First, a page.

## Project description

Python3 Implementation of Schoof's Algorithm

============================================

This is an implementation of Schoof's algorithm for counting the

points on elliptic curves over finite fields (Schoof, René. Elliptic

curves over finite fields and the computation of square roots mod

p. *Mathematics of Computation*, 44(170):483–494, 1985).

Elliptic curve cryptographic algorithms base their security guarantees

on the number of points on the used elliptic curve. Because naive

point counting is infeasible, having a fast counting algorithm is

important to swiftly decide whether a curve is safe to use in

cryptography or not. René Schoof's algorithm for counting the points

on an elliptic curve over a finite field is the foundation for the

(asymptotically) fastest [Schoof–Elkies–Atkin][sea-algorithm] counting

algorithm.

**Implementation.**

The implementation is written in [Python 3][python] and is kept as

simple as possible. Its goal is to give insight into the mathematics

of the algorithm without the use of (too) high-level concepts. For a

(pretty) gentle introduction into why and how Schoof's algorithm

works, please read my diploma thesis titled

[*An Elementary Derivation and Implementation of Schoof's Algorithm for Counting Points on Elliptic Curves*][thesis].

In the thesis, I try to explain *how one might get the idea for the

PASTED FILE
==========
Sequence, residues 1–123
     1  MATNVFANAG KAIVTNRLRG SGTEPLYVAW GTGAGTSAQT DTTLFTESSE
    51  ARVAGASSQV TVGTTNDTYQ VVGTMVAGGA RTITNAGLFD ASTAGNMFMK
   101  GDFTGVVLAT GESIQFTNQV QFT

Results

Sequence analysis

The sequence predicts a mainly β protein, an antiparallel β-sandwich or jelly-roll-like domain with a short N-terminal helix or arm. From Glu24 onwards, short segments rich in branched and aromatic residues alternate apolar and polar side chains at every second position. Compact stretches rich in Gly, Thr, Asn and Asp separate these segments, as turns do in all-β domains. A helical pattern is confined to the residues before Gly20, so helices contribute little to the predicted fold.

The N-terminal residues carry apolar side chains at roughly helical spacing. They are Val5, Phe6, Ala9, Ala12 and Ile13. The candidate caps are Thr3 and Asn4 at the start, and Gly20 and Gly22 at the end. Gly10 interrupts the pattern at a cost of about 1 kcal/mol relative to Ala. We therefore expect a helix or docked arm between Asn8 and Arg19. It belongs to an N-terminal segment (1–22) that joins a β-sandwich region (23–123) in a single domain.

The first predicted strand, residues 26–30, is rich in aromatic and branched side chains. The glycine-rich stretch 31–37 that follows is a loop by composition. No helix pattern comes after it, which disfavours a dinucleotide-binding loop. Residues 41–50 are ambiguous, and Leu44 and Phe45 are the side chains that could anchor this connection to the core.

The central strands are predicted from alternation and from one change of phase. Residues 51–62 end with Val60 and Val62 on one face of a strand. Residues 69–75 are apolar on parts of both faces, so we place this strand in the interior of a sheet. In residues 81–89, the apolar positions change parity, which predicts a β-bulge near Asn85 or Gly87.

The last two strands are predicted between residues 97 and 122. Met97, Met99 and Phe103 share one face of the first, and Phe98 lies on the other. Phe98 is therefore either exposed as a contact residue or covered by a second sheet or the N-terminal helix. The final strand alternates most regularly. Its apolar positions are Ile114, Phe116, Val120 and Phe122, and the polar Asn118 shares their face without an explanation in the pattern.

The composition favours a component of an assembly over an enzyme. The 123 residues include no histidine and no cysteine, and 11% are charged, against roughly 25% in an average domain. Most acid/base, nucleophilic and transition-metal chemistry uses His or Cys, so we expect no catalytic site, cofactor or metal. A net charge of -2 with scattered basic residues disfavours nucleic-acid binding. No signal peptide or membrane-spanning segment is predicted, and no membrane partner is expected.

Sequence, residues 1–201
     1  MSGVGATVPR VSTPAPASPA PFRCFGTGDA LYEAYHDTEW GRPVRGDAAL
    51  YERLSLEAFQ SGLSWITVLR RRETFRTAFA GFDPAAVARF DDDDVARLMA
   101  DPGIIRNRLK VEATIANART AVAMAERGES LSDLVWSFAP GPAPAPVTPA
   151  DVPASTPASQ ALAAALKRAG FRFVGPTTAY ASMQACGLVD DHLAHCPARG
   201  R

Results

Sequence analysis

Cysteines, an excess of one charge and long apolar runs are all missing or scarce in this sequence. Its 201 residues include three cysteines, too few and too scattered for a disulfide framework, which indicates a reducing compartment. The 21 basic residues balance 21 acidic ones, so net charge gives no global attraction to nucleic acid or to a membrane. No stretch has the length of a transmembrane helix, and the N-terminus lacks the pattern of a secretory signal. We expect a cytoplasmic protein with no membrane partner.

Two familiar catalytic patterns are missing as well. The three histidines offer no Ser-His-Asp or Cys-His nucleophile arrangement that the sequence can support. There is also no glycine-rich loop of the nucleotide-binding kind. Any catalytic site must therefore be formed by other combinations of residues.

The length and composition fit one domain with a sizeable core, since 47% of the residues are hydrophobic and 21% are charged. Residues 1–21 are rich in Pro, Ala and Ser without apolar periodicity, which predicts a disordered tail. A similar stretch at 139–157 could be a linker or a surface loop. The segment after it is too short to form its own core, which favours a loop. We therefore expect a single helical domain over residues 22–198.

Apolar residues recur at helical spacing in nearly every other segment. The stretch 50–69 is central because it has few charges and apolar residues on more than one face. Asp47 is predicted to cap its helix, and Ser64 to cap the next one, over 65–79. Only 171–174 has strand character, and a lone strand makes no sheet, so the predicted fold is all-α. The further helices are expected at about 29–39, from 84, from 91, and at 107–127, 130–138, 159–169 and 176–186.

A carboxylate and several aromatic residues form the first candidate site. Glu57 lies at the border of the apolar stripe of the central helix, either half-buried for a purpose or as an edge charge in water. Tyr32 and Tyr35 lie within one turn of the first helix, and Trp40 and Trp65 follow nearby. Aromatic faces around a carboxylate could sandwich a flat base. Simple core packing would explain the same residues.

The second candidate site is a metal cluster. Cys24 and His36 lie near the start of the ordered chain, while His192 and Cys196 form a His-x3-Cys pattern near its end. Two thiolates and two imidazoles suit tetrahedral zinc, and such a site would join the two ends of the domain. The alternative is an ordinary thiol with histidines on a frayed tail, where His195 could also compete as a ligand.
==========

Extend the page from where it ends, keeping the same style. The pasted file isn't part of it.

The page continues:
algorithm*. This understanding of *why* things look the way they do

is often neglected in mathematics.

Schoof's algorithm uses arithmetic on elliptic curves, finite fields,

rings of polynomials, and quotient rings. This repository therefore

contains Python modules for all these concepts that can be used on

their own.

System Requirements

-------------------

The algorithm is implemented in version 3.1 of [Python][python], an

open licensed dynamic programming language available on all common

platforms. To find out whether a compatible version of Python is

already installed on your system, execute `python --version` in a

terminal. The command will return the version number if Python is

available. Note that the version 3 interpreter could also be named

`python3`. Please see the *Using Python* part of Python's

[documentation][python-using] for system installation instructions;

follow the steps below to set up Python locally in your account.

### Local Installation from Source Code

Installing Python from source code requires a C compiler; on Linux and

Unix systems, one is almost always available. The following steps

install Python on a Linux system:

* **Download.** Download the source tar ball of version 3.1 or later